-- Posted Friday, 14 December 2012 | | Source: GoldSeek.com
Yesterday we saw substantial declines in the whole precious metals sector (the only important exception was palladium that actually managed to close higher after a huge price drop earlier during the day) even though the Fed announced Wednesday that it would continue its monthly purchases of $85 billion in Treasury bonds and mortgage-backed securities. This makes it probable that the Fed announcement was already priced into the market, hence the lack of its reaction.
The Fed’s action is clearly bullish for gold, silver and other precious metals in the long run, but recent developments along with weak correlation between metals and the dollar can keep precious metals bulls awake at night. Let us then move on to today’s technical part to find out whether these fears are well-grounded. Today we’ll focus on two groups of assets that usually influence precious metals the most: stocks and currencies. We’ll start with the analysis of the Euro Index long-term chart (charts courtesy by http://stockcharts.com.)
A confirmation of the breakout above the flag pattern (which was a period of consolidation) has been seen in the chart. We expected this to be broken to the upside, and that’s what happened. The index did pull back to the support line and has moved higher once again. The situation is now more bullish than not, but we’ll wait for a move above the 132 level before stating that the outlook is indeed bullish for the weeks ahead.
Now, let’s move on to the general stock market.
Please view a larger chart here.
In the long-term S&P 500 Index chart, the situation continues to be bearish for the short term. Based on the weekly closing prices, a “gravestone doji” candlestick pattern has formed this week. This is similar to the bearish shooting star candlestick pattern. Opening and closing prices being very similar are what create the “gravestone doji”. The implications of this candlestick pattern are exactly the same and are a bearish signal.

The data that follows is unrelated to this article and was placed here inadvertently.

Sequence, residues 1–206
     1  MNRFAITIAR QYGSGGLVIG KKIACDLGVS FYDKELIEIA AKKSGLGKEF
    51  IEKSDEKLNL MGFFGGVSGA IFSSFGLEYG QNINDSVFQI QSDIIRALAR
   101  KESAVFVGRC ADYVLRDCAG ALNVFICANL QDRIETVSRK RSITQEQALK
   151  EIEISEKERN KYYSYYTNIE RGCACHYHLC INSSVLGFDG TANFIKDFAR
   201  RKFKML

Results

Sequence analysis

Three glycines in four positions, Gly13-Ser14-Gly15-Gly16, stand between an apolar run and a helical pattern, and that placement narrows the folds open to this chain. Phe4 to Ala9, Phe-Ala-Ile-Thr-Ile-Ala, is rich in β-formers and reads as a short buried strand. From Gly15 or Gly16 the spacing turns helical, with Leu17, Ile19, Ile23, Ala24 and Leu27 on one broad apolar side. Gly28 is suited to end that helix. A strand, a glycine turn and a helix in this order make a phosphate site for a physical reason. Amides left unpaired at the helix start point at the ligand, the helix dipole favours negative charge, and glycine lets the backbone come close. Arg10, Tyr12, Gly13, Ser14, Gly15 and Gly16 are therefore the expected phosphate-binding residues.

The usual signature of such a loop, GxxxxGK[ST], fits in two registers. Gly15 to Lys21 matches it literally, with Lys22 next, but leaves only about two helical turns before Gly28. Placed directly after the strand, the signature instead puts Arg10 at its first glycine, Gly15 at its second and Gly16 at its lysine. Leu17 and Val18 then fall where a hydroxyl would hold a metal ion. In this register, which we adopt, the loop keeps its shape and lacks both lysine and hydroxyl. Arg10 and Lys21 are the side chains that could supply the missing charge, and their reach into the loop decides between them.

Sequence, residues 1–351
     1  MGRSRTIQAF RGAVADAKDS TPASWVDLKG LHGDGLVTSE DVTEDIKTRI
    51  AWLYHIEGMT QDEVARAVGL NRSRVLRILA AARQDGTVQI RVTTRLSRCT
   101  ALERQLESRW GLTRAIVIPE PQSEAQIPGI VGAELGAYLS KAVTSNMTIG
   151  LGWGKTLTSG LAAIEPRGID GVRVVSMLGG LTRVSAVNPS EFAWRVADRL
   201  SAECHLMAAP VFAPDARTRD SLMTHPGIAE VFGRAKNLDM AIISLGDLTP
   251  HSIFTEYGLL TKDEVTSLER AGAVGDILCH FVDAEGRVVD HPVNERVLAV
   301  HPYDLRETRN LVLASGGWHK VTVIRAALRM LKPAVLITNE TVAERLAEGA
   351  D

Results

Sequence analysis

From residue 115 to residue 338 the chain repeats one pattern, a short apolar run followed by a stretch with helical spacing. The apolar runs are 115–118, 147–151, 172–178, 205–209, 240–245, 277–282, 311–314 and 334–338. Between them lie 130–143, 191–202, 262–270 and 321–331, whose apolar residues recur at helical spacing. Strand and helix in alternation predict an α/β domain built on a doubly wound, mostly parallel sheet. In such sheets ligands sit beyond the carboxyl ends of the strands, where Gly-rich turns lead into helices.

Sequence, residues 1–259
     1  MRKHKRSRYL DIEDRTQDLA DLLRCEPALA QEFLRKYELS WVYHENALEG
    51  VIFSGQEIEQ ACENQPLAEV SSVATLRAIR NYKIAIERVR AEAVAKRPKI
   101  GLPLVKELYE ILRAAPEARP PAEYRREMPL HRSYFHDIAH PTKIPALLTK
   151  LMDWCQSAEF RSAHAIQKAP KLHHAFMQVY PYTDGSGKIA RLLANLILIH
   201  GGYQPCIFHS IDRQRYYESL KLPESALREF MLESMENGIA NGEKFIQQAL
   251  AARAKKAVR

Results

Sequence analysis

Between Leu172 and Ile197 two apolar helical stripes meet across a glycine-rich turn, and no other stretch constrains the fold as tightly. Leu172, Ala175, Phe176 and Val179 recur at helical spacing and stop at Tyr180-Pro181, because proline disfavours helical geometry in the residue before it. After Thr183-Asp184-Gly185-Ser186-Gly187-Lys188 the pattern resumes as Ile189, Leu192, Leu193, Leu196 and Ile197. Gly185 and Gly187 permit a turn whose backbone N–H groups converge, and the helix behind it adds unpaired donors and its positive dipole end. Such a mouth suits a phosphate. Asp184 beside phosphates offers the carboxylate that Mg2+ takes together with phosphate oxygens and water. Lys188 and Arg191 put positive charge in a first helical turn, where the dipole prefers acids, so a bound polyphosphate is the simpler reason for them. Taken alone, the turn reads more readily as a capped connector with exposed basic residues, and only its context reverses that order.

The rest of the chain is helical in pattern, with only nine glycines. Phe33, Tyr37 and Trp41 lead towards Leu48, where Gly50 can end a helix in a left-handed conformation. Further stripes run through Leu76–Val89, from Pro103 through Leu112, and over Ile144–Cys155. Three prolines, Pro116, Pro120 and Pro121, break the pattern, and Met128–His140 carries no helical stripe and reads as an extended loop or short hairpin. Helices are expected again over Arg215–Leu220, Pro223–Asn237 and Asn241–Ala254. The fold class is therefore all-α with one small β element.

The bearish signs are actually doubled here because stocks reversed after moving to their 2008 highs and then reversing to the previously broken rising resistance line (several weeks ago). At this time, the outlook for the general stock market is bearish, but, with a support line at the $1,350 level, the downside seems to be quite limited.
Let’s now have a look at the intermarket correlations to see how the above chart could translate into future precious metals prices.
The Correlation Matrix is a tool which we have developed to analyze the impact of the currency markets and the general stock market upon the precious metals sector. This week, there are not many implications here for the precious metals sector. The short-term correlations are very neutral this week so we really can’t say much about the next week or two based on the currency and stock market charts.
The medium-term precious metals’ picture remains bullish as there are significant negative correlations between the precious metals and the USD Index (thus the positive situation in the Euro Index is positive also for gold). Positive correlation is seen between stocks and the precious metals, so the limited downside for stocks is a bullish factor for the metals in the medium term.
Summing up, the outlook for the Euro Index is more bullish than not which directly translates into a bearish one in the U.S. dollar, especially after what we saw on the charts for the U.S. currency in our article a week ago. Stocks have a short-term bearish outlook but the downside is limited. Both: the medium- and long-term perspectives are bullish. This is not due to an improvement in US economic indicators, however, but rather due to the steps taken by the Fed, which are likely to push nominal stock prices higher.
This does not directly translate to any precious metals price moves since correlations are quite insignificant with both markets over the past 30 days. However, when we take the medium term into account, the positive correlation between precious metals and the general stock market suggests that the limited downside potential in stocks as well as their positive medium- and long-term outlooks are bullish for metals. Since the medium-term correlation between precious metals and the dollar is strong and negative, the same bullish implications for the metals follow.